2. You may modify your copy or copies of the Program or any portion of it, thus forming a work based on the Program, and copy and distribute such
    modifications or work under the terms of Section 1 above, provided that you also meet all of these conditions:

    a) You must cause the modified files to carry prominent notices stating that you changed the files and the date of any change.

    b) You must cause any work that you distribute or publish, that in whole or in part contains or is derived from the Program or any part thereof, to be licensed as a whole at no charge to all third parties under the terms of this License.

    c) If the modified program normally reads commands interactively when run, you must cause it, when started running for such interactive use in the most ordinary way, to print or display an announcement including an appropriate copyright notice and a notice that there is no warranty (or else, saying that you provide a warranty) and that users may redistribute the program under these conditions, and telling the user how to view a copy of this License. (Exception: if the Program itself is interactive but does not normally print such an announcement, your work based on the Program is not required to print an announcement.)

    So far, so good. Now here's the troublesome part:

    These requirements apply to the modified work as a whole. If identifiable sections of that work are not derived from the Program, and can be
    reasonably considered independent and separate works in themselves, then this License, and its terms, do not apply to those sections when you
    distribute them as separate works. But when you distribute the same sections as part of a whole which is a work based on the Program, the distribution of the whole must be on the terms of this License, whose permissions for other licensees extend to the entire whole, and thus to each and every part regardless of who wrote it.

    Now I would argue that my traffic controller software can be "considered [an] independent and separate work" and therefore should not fall under the GPL. But the last sentence seems to imply the opposite since it is distributed as part of a whole (Linux and my app are burned into the same PROMs). But if you look carefully you see that it only applies if it is a "work based on the program". The question is if a program is compiled and linked and loaded in the same set of PROMs as GPL'd code, is it considered a "work based on the program" or a "separate work"? I would argue the latter, but it's not entirely clear.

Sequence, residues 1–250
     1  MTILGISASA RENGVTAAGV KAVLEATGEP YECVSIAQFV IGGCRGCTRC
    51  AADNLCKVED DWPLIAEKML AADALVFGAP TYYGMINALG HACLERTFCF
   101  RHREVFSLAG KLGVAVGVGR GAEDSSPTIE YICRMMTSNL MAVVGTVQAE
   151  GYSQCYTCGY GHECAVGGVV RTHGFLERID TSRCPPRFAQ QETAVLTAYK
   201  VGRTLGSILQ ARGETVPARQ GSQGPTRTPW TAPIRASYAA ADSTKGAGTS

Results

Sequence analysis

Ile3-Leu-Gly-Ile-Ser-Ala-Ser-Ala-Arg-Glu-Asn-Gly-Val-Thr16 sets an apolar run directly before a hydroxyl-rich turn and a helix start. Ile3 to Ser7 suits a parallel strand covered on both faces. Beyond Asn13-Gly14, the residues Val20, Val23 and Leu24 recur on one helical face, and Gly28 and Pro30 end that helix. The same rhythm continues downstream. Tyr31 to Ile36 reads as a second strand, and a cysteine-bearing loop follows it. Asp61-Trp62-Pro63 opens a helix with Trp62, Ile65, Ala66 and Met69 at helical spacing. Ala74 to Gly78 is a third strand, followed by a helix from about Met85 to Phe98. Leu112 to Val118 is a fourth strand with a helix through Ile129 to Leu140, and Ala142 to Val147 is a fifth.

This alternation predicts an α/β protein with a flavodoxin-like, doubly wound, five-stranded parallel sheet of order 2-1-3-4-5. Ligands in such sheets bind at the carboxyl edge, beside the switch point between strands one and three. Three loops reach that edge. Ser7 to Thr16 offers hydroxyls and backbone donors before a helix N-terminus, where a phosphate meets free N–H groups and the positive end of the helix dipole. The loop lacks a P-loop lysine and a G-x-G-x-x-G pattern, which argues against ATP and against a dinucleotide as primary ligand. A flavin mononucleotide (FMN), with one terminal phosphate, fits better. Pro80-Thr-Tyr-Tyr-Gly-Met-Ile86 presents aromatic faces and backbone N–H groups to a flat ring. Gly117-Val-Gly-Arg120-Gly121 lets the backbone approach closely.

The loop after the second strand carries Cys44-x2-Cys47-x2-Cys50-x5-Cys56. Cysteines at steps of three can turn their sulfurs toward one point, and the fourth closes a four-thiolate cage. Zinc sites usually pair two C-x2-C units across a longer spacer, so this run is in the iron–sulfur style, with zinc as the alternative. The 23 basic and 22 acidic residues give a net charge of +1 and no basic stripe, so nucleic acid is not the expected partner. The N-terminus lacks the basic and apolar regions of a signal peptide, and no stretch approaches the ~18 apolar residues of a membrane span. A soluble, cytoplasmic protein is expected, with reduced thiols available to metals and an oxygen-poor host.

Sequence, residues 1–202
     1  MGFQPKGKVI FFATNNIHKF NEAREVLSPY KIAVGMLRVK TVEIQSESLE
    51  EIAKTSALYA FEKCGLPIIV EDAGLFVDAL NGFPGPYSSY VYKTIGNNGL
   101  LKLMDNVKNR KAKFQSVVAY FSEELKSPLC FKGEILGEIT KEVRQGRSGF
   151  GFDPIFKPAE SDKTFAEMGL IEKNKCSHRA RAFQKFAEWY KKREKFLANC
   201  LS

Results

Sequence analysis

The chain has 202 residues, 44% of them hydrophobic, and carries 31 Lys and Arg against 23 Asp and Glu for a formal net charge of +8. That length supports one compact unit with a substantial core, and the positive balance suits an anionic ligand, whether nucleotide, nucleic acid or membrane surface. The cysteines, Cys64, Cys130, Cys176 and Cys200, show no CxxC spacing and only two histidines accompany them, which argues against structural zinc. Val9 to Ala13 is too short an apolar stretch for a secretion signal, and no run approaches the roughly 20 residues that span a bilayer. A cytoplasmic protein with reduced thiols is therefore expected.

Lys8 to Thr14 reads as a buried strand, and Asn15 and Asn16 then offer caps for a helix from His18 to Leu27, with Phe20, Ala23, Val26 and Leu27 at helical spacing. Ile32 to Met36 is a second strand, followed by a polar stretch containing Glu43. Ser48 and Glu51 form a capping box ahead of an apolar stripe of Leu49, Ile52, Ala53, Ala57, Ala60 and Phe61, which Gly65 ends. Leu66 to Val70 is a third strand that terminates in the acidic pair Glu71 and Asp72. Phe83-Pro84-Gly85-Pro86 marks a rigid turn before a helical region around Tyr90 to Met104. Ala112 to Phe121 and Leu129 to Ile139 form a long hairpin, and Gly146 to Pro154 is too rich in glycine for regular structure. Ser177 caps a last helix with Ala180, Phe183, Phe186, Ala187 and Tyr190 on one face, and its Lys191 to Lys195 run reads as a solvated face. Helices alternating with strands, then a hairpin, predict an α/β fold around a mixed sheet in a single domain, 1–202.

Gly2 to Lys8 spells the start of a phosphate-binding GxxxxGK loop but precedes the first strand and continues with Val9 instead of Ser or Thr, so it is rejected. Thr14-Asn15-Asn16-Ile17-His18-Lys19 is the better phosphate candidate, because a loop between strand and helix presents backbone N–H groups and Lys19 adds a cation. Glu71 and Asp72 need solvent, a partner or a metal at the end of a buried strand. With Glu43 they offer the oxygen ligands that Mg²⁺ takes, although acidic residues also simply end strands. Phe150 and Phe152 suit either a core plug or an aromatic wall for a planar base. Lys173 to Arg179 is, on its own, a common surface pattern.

Clearly, if my app is non-embedded and I distribute it separately in binary-only form (Netscape, eg), I'm not bound by the GPL. I'm sure FSF never considered embedded code specifically but I really don't think they intended embedded s/w to be treated any differently than non-embedded just because it is distributed differently.

    What I would like to see is for the license to be modified so that it explicitly deals with the case of embedded code. RMS, are you out there? What was your intention?
  • Not only is this inevitable - it is all reaching a critical mass
    with the support of more and more IPO Linux companies.

    Support is expanding from the server strength that Linux has to embedded and desktop systems.
    Let's also not forget that the strength that Linux will receive will be from the developing
    countries of the world like S.America, India, China and Russia.
    These places are already pillars of strength for Linux development
    (e.g GNOME's Icaza from Mexico) but we have only seen the tip of the iceberg.
  • But the other half was the size of the OS. It meant bigger memory requirements, which meant higher cost.
    I agree about WinCE being a hog, but take a look at uClinux []. It is a modified 2.0.38 kernel with virtual memory stripped out. It fits in 2MB EPROMs with lots of room left over for your apps. The difference is that WinCE is a big monolithic program (just like desktop windows), whereas Linux (or any Unix) is modular. You only include the pieces you need.'d end up with something that wasn't particularly compatible with mainstream Linux...

    You wouldn't have to add it to the kernel, you could implement something like this as another program that runs on the (more or less) standard Linux kernel. Sorta like an X replacement. It could even be the PalmOS API if you wanted it to be.

    But do you really need multitasking on something like a palm-pilot?
    Probably not, but there are lots of embedded applications that would benefit from multitasking.

    Sure I can see some applications for multiple users in embedded devices. At the very least, it would be useful to have a normal user account and a root account (for debugging, system maintenance, etc.).

    A file-system, even?
    Absolutely! A RAMdisk, for example. Or the ability to mount an NFS volume.

    If not, then why Linux?